Ed Husain: Egypt can bring in the Brotherhood

Roundup: Media's Take

[The writer is a senior fellow at the Council on Foreign Relations and author of ‘The Islamist’]

Egypt is ablaze. Hundreds of thousands protested in Cairo’s Tahrir Square on Tuesday, but for fear of an Islamist regime the US now risks being remembered as a democracy that abandons democrats. After generations in opposition, the Muslim Brotherhood now wants to play a part in Egypt’s future, giving a rare chance to strike a deal for their compromises and democratic involvement.

To this day we are paying the price for ignoring ordinary Iranians and siding with the Shah in 1979. Then, secular democrats triggered a revolution only to be brushed aside by fundamentalists. Today, ordinary Egyptians lead demonstrations but the Brotherhood waits in the background; an indispensable force in national life.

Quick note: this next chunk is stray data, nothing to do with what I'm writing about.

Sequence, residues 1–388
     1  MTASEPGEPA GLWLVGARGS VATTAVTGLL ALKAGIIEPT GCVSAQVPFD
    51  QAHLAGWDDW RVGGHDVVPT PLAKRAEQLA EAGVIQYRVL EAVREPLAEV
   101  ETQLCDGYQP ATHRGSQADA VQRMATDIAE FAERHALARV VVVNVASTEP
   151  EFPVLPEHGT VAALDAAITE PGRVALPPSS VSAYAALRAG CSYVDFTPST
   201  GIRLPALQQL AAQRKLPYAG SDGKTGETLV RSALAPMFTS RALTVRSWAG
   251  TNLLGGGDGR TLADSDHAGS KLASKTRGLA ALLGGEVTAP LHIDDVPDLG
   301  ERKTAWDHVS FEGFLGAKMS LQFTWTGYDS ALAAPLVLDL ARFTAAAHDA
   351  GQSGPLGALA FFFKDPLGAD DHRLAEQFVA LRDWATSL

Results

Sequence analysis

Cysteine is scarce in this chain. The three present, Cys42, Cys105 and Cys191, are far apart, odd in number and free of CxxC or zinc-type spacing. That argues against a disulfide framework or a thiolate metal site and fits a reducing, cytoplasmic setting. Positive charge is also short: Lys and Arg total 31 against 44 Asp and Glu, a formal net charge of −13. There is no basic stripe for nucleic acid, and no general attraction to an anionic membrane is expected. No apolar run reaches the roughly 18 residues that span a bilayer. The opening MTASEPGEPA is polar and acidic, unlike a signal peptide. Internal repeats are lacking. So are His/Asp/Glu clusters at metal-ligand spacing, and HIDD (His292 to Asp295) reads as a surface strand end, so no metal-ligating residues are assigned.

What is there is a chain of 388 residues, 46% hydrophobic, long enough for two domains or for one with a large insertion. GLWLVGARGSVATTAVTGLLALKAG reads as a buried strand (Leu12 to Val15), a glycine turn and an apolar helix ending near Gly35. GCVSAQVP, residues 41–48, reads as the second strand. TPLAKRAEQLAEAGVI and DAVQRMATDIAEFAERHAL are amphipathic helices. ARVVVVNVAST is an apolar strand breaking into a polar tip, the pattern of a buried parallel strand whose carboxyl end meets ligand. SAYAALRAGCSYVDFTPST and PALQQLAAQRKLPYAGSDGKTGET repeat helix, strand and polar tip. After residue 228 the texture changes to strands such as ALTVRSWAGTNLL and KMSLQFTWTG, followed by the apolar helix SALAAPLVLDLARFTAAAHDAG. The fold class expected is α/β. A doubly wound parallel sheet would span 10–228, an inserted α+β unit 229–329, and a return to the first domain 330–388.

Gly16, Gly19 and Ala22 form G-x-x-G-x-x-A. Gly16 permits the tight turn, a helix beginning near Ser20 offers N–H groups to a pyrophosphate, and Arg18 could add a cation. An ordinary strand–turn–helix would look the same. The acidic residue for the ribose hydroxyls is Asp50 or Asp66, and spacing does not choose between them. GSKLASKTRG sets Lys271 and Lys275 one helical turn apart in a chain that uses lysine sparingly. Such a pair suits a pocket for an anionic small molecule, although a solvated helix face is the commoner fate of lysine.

With a network running through trade unions, mosques, businesses and universities, the organisation is hugely influential. Opposition leader Mohamed ElBaradei has already formed a loose alliance, and for sound reasons. Last September, of the million signatures petitioning for change under Mr ElBaradei’s leadership, the Brotherhood collected 800,000...

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